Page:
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“I knelt down at center court, and I asked God to use the broken coach that I was and to make something special. And He has.”


Jeanette “Coach” Regier has loved sports her whole life. “When I was in seventh grade,” she said, “I knew I wanted to be a coach. I knew I had a passion for it, but it took quite a few years after that for me to realize that God had given me that passion and if I wanted to use the passion and have it collide with my faith in Jesus that I could be a part of something that I would love coming to every day.”

Regier, who has been the Athletic Director and assistant professor at Calvary University since 1996, said it took quite a while for her to have her heart in the right place. “I really felt like it was all about accomplishments and my identity was wrapped up in what I could accomplish on the court, and that if I worked hard enough, I could get anything I wanted.”

Changing her perspective changed her coaching ethic. She said, “It led me to coaching with the intent for God to make a difference in the people that I served. It means that off-field relationships are not just going to be about volleyball, or basketball, or soccer; it’s going to be about that person and what their relationship with God is like, and perhaps their struggles.”

Regier originally came to CU as a student in 1996. “I was going to become a seminary student,” she said. “I taught at the high school level, and I felt God calling me to get more Bible training because I had been in a Christian school, but never went to a Bible college.”

Two weeks before classes started, she explained, her plans changed. “It just so happened about thirteen days before school started, I was summoned to Kansas City early. Their athletic director, basketball coach, and volleyball coach had just resigned thirteen days before the season was scheduled to start. And they asked me to take over, and so I did. Yeah, that was crazy. It was crazy hard. I had fourteen days to prepare and then I knew the students were coming and I wasn’t anywhere near close to being ready and I knelt down at center court, and I asked God to use the broken coach that I was and to make something special and He has.”

That wasn’t the only challenge Regier has faced since coming to CU. Six years ago, she was diagnosed with Multiple Sclerosis (MS). “My heart is for the person that struggles,” she said. “The person that’s in the middle of a battle because I’m in the middle of a battle. And I want to talk about things that are relevant to me, and battling every day is something that is relevant to me. Getting up and having the strength to get up and do stuff is important when I battle. The difficulty of being able to battle well is something that I catch and when I see a student that is battling, I go to them because I want to support them because that’s what we’re here for. So, my purpose in life changed when I got MS because now I look for the person that’s in the middle of the battle.”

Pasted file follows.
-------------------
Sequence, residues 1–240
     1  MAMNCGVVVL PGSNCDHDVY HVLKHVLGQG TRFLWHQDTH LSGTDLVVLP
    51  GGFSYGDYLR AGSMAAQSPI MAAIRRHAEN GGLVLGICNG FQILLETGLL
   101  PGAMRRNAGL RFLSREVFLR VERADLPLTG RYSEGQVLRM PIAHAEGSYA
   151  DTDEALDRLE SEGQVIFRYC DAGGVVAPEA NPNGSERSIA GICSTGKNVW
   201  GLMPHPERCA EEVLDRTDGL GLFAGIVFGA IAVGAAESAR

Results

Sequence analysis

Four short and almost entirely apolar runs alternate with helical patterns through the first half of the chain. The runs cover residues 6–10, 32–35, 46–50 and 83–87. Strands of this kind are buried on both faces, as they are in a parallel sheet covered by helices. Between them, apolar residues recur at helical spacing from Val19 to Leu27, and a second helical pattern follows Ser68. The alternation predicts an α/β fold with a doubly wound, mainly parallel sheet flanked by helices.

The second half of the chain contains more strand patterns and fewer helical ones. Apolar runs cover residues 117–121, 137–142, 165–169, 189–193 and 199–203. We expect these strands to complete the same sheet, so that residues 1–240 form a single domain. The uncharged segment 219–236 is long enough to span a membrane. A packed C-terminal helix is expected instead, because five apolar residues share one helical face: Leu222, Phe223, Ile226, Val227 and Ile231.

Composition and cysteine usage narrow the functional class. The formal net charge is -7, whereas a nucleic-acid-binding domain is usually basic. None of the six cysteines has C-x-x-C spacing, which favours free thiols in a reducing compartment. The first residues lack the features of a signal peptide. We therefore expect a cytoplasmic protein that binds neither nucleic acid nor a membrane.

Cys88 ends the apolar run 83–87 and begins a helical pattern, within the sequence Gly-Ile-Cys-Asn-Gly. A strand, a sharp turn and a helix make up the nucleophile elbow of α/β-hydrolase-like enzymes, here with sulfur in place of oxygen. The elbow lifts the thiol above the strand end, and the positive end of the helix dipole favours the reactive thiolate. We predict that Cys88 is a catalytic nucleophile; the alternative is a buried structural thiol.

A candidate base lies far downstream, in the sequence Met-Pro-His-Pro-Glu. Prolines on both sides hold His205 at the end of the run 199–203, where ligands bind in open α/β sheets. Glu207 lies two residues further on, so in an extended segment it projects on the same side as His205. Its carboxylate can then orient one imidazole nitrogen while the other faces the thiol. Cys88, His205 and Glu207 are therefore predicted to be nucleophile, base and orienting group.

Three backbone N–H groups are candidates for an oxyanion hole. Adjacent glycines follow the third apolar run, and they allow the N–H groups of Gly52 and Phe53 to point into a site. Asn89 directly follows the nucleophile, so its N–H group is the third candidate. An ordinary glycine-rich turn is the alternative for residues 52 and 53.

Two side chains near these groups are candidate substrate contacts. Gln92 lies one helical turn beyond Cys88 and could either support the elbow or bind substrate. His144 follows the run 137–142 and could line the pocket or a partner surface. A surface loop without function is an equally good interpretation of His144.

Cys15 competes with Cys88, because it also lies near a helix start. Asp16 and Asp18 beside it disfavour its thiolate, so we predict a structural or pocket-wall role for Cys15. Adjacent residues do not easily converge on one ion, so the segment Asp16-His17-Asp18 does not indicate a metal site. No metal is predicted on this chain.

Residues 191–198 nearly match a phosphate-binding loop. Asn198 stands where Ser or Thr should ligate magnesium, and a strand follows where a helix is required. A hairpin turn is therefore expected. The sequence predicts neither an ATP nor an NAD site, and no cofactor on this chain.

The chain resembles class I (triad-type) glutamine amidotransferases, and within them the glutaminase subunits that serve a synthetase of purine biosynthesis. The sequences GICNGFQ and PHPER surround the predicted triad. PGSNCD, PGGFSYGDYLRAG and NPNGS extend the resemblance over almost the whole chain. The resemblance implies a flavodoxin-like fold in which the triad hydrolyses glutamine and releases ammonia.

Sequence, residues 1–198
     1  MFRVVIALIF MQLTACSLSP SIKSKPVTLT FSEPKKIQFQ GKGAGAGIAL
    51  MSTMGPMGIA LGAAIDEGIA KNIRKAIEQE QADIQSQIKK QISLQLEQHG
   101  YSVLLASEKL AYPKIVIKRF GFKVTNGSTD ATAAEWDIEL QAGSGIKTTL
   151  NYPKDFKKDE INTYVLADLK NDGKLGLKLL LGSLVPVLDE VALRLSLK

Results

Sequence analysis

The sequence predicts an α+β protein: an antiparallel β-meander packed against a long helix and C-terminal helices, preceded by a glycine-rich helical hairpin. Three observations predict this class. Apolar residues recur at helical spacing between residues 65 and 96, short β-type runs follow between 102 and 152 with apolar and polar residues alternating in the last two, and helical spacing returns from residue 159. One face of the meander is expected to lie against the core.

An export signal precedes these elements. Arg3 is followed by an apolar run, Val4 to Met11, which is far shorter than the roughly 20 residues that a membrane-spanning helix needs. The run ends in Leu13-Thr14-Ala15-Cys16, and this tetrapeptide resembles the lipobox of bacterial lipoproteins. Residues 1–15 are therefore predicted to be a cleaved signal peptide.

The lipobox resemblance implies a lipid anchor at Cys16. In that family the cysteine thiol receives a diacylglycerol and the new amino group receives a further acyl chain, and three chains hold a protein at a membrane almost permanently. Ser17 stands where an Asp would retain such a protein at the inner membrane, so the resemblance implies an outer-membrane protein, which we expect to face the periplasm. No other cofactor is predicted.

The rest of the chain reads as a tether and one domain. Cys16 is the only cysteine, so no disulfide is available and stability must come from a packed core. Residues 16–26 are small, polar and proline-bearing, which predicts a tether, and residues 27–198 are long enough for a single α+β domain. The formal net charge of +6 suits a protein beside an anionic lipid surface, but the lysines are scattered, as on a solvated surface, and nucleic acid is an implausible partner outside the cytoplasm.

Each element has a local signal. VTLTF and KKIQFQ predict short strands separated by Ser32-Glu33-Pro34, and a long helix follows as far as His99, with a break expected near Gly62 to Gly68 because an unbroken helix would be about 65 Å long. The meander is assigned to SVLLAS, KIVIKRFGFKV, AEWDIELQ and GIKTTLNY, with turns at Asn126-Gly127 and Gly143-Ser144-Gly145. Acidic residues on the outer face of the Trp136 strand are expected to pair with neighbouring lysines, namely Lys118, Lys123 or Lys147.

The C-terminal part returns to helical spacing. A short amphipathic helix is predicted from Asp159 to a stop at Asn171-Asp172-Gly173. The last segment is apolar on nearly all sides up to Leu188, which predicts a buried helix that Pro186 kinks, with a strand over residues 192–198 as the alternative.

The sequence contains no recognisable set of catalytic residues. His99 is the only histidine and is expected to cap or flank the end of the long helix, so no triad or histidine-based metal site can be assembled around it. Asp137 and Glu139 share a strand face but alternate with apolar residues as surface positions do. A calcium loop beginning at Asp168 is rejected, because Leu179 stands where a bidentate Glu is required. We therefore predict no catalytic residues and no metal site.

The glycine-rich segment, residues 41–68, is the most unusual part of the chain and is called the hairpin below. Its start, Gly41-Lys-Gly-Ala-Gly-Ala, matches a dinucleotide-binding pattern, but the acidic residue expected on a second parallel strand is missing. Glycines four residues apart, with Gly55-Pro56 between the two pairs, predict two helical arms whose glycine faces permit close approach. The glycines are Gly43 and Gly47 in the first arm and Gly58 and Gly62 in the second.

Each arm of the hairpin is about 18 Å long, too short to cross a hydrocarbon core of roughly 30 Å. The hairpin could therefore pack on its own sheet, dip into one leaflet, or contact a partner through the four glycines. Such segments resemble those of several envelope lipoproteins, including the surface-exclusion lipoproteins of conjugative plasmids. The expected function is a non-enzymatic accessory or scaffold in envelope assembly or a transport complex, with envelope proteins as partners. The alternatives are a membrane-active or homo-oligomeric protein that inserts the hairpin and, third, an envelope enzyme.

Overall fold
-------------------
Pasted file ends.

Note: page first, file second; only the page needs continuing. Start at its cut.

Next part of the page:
Another challenge Regier has faced is singleness. She said, “I’m still looking for the man I would like to marry. I want very much for that to happen. It’s one pain that’s very real. I would say that through fighting singleness you realize that God gives you opportunities to do things with students that God brings into your life in a little different capacity. I’m in my fifties now so singleness doesn’t scare me like it used to. You go through times when it scares you, and times when it doesn’t. But the more that you see God provide through the times of fear the more you realize that this is nothing to fear. And if it gives me more opportunity to have more of another family here at Calvary or at my church then I’m pretty much down for that. It doesn’t mean that I don’t wish for a husband still. I think most everybody wants to be chosen.”

Regier is passionate about CU’s athletic program. “We care about the discipleship of a student in our program way more than we care about what happens with the championship or what happens on the scoreboard. It’s not often where you get to go to a college where they don’t care about winning as much as they care about the person.”

Regier reminisced about her favorite memory from her time at CU. “This year the men’s basketball team won the regional tournament and that wasn’t the highlight, although I did cry. But after they were done, I was writing the press release for the story, and I gave each of them a chance to be quoted for the article. Every one of them talked about the impact that God had had on their season, gave Him the glory for that, and lifted Him up. They could’ve lifted themselves up, and they didn’t. They got a platform and they used it to honor Him. That was probably the highlight. I could not have been prouder.”

After a quarter century as a coach and athletic director, Regier has a lot of advice for student athletes. “God gave you your love for sports and you need to have your passion collide with your faith. The two aren’t separate. Until they collide you won’t be where you need to be.”

Regier handing out the Spencer Award to both Tasha Parker (Krahn) and Rilee Walquist in 2019. 

Regier speaking in a recentChapel.

Regier with CU Head Basketball Coach, Matt Sanders (left) and Zebulun Green celebrating Green’s induction into the 1,000-point club in 2020.